• The completion of the documents (and meetings) is more important (or at least as important) as delivering the solution the project is designed to produce.

So lets look at whether these circumstances ever apply to a project and thus whether bureacratic project approaches are valid.

Even voodoo practitioners will probably tell you that the documents used in most projects are not valid voodoo talismans.  They hold no power over reality and thus this arguement is invalid. 

Of course it might be possible to have the books and ceremonies in your project blessed and this may, if magic works, impact your success.  But I have not attempted this approach and cannot provide valid advice on its prognosis for success.

Would the customer ever be happy to pay for both the project and a beautiful set of documents.  The answer is yes.  I don’t just mean that they want status reports that aid decisions or that they want supporting material to handover to their support teams either.  I actually mean that they will pay for ceremonies that make them seem important and that they will pay for documents that they can show their friends (and bosses) to make it look like a project is complex, successful and generally very impressive to behold.

Should you provide these documents and ceremony when they provide little or no value beyond this?  Generally no.  But if you are happy to be paid to do this then the choice is yours.  But remember this work is not helping to deliver the project and so you will need to allocate a separate budget to doing that at the same time, don’t be fooled into thinking the documents are the project or that the stakeholders will thank you when reality looks far less impressive than what your documents and ceremonies predicted.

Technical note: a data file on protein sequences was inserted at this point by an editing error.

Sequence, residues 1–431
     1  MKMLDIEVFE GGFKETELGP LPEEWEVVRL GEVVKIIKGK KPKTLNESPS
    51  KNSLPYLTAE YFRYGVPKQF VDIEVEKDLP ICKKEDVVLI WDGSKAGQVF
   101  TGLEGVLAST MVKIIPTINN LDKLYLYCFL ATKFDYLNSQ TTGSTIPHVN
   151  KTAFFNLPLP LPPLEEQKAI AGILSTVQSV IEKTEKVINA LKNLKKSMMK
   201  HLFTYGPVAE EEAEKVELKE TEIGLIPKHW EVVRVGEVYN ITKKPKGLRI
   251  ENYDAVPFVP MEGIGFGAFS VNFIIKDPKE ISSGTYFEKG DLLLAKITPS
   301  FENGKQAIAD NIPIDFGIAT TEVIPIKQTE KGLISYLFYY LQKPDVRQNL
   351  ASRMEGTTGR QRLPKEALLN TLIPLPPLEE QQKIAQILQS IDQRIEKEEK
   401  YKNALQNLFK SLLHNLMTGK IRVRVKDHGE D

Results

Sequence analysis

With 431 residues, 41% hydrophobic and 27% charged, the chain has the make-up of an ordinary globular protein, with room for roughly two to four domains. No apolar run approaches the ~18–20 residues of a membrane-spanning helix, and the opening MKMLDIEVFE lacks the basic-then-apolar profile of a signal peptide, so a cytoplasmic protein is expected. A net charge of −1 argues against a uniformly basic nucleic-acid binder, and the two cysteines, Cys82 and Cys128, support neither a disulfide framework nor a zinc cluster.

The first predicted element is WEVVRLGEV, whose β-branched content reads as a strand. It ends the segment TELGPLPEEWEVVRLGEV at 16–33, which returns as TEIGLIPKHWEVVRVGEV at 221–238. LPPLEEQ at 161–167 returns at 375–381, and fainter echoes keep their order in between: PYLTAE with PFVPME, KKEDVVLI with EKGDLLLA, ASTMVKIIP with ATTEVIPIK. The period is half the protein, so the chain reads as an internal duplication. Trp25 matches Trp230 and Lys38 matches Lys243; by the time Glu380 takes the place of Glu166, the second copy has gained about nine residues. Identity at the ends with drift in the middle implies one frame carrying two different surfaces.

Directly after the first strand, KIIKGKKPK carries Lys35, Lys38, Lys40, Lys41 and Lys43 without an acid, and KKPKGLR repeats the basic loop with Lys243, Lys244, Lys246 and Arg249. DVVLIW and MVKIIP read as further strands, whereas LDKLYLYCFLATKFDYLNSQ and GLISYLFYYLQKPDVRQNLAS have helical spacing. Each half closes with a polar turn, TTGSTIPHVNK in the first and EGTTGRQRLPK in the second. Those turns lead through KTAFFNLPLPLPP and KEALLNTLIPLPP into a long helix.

In fact if you buy into this approach then why not consider going all the way – hire a group of actors and set designers to build a whole (fake) copy of your project.  Fund this as the shop front and impress people with what is going on while a separate team do the real work and deliver a solution without being distracted by all the acting, ceremonies and documents.

So far its all a bit negative though isn’t it?  What about our final circumstance – the documents are as important as the project.  Is this ever true.

Well, cynically, this is the case if you are being paid per document and don’t care much about the end result beyond this.  Outside of the world of dodgy consultants and disgruntled employees this is rarely (if ever) the case.

But it might also apply when confronted with compliance demands from a client. For example if you need to submit tenders in a set format or with answers to specific questions (eg a “request for proposal or RFP”).  In this case you will care about the overall project but the production of the document needed to continue is a project in itself.  Where this is the case, I would recommend bureacratic compliance with requirements but also remember that the document is a separate project on its own and then a constraint on other aspects of the project, but not a tool for delivery.

Similarly, some clients will demand that you produce reports and other materials that do not aid in the delivery of a project.  Where this is the case I think the professional approach is to tell the client that this adds no value to the work you are doing and is being produced purely for their purposes.  Again though, this is no longer an approach to the project but a separate deliverable. 

So the final circumstance creates an additional deliverable, an additional cost and potentially constraints or issues on the project.  But this is not expediting the delivery of a quality product, so it should not be viewed as a project approach as such.

So, is adaptive (or predictive) project management generally better than this?  YES – almost always.

If you are afflicted by bureacratic project management then adopting a new approach will generally be an improvement.

Is agile better than waterfall?

Many IT teams are moving from “waterfall to agile based approaches” in their projects.

So clearly a lot of people think that agile approaches are better than waterfall approaches.  But are they really?  And if they are then how are they better?

One argument I often hear in favour of agile approaches is this one:

Is there any point in having a 100 page requirements document that nobody reads? No? Then waterfall is stupid and we need to use agile.